“One of the proudest moments was when I walked into welfare office and told them, ‘I don’t need these food stamps anymore. I can feed myself and my son.’”

By Catherine Martinez

Cathy Dodson recently made headlines for voicing her opinion to the Wichita Falls, Texas, City Council about the removal of a statue from the grounds of City Hall. In an impassioned speech, Cathy briefly shared her inspiring story of how she went from living on welfare to becoming a respected businesswoman who owns 17 properties in the Wichita Falls area.

“I’ve made a success of my life through hard work and perseverance,” she said to the council.

Cathy is a smart woman who manages her money well, but she’ll be the first to admit that she’s made mistakes along the way. Over time, hard work and consistency can overcome a few missteps.

“To go from welfare to millionaire, it takes a complete mind renewal,” she said. “It’s just doing what works for you over and over again.”

Escaping Poverty

Escaping Poverty

It all started when Cathy was 18 and had her first baby. Her marriage fell apart, and her husband refused to pay child support; so, she had to learn how to become self-sufficient as a single mother.

“The rent was only $210 per month, and I couldn’t even afford that,” she remembered.

But Cathy picked up as much work as she could until she no longer needed government assistance.

Cathy was working, but she needed government assistance and lived in the subsidized housing projects. In her words, “I couldn’t even afford a bologna sandwich.”

“One of the proudest moments was when I walked into welfare office and told them, ‘I don’t need these food stamps anymore. I can feed myself and my son.’”

Diligently Saving

After Cathy got a better job, at Sealed Air Corporation, a kind woman in the human resources department changed her relationship with money.

She intended to withdraw money from the account for a purchase, but this human resources manager gave her wise advice: “She told me, ‘No, Cathy, leave the money here and let it grow.’”

“I had saved $500 in a 401(k). That was more money I ever seen in my life,” said Cathy.

Trusting the manager’s judgement, Cathy started diligently saving in the 401(k) in her late 20s. She started by saving the company’s match and then worked her way up to saving 10% of her income.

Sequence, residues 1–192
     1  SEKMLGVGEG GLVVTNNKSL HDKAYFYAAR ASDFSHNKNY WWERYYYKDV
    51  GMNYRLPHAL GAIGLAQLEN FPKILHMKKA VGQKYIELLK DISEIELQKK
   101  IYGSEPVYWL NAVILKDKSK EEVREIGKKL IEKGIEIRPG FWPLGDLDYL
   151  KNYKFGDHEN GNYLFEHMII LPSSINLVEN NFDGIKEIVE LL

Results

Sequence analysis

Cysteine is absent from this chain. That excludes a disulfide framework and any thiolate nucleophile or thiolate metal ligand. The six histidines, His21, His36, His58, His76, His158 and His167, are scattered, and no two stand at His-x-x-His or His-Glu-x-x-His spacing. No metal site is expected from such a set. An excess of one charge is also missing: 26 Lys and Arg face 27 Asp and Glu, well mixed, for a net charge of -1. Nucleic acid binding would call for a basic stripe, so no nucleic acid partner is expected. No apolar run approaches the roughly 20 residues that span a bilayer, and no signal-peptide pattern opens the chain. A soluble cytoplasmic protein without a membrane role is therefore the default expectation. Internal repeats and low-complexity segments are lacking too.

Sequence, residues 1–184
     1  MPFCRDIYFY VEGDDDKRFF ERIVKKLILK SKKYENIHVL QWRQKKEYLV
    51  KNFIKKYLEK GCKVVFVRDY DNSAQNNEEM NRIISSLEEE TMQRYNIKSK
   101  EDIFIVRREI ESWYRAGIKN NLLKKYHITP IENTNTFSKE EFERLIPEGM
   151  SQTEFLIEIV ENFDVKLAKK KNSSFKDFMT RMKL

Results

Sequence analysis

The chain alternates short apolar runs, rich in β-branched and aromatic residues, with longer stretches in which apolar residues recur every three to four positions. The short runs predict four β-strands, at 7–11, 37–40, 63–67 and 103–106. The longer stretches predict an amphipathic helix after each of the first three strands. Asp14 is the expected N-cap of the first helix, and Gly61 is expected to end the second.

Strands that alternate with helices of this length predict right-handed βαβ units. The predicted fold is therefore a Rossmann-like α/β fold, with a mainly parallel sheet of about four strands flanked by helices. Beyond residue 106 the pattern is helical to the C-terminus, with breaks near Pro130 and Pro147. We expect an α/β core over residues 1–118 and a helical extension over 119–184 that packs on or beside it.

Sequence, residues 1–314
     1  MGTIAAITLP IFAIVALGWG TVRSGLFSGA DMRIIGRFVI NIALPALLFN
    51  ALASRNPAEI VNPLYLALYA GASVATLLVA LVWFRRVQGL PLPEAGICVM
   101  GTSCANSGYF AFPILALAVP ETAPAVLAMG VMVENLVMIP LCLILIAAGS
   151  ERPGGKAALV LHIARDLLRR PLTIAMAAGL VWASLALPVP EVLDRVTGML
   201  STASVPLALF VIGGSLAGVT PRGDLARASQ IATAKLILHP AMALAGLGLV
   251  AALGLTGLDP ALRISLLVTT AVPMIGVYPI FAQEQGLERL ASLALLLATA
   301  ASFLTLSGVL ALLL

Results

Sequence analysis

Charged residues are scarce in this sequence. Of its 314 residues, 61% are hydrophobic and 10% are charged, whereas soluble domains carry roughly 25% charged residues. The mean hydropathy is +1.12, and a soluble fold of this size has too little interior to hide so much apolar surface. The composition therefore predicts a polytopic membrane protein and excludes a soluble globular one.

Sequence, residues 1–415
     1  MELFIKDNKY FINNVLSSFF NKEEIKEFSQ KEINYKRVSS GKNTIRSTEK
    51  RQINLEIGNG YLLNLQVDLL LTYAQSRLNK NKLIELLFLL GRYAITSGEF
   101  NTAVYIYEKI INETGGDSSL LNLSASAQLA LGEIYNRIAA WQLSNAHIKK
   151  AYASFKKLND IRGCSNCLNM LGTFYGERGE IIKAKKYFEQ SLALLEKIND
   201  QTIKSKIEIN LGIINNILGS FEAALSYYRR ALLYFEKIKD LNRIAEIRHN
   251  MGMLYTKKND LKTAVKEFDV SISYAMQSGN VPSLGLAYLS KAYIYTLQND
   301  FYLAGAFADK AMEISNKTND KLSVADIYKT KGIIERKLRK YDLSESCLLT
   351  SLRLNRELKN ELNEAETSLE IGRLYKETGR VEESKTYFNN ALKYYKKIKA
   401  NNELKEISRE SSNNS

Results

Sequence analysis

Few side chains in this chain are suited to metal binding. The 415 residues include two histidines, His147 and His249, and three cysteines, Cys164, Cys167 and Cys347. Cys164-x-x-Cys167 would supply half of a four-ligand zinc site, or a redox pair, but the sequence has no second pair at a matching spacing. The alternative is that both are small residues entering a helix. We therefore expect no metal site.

“God has been good to be,” Cathy said, getting emotional. “When I didn’t know what I was doing, it seemed like there were people who actually cared about me.”

Becoming a Real Estate Investor

Real Estate

When home prices and interest rates plummeted after September 11, 2001, Cathy, 42 at the time, took advantage of the market and bought her dream house in one of the best neighborhoods in town.

Along the way, while still working a full-time job and saving diligently, Cathy learned everything she could about real estate and investing. She read books such as Robert Kiyosaki’s Rich Dad, Poor Dad; completed Dave Ramsey’s Financial Peace University course; and became involved in local investing groups to learn from other investors. To give back to the community and learn a little bit about home repair, she also began volunteering with Habitat for Humanity.

But instead of selling her house, her realtor suggested keeping it and renting it out. Again, Cathy took good advice.

And just like that, she became a real estate investor. She kept reinvesting her earnings into her properties and her real estate business, eventually buying 17 houses.

“I was constantly being educated and gaining knowledge,” she said.

She retired from her job at 56, but her entrepreneurial spirit wouldn’t let her sit still for long. She turned one of her properties into a bed-and-breakfast, Cathy’s Cottage and the Low Dollar Retreat. These are adults-only tropical retreats that give patrons a place to relax and use the beautiful pool.

A Respected Businesswoman

Today, Cathy is well-respected in her community and has passed down her passion for saving and investing to both of her sons. She’s proof that women don’t need a college degree or a high-paying job to be successful—they just need to make financially good decisions over time.

“Most people, if they just start saving early like I did, can become millionaires by the time they retire,” she said. “You just have to let the magic of compound interest work for you.”

Take good advice. Never stop learning. Save for retirement. That’s how a smart woman like Cathy Dodson advanced from welfare to millionaire.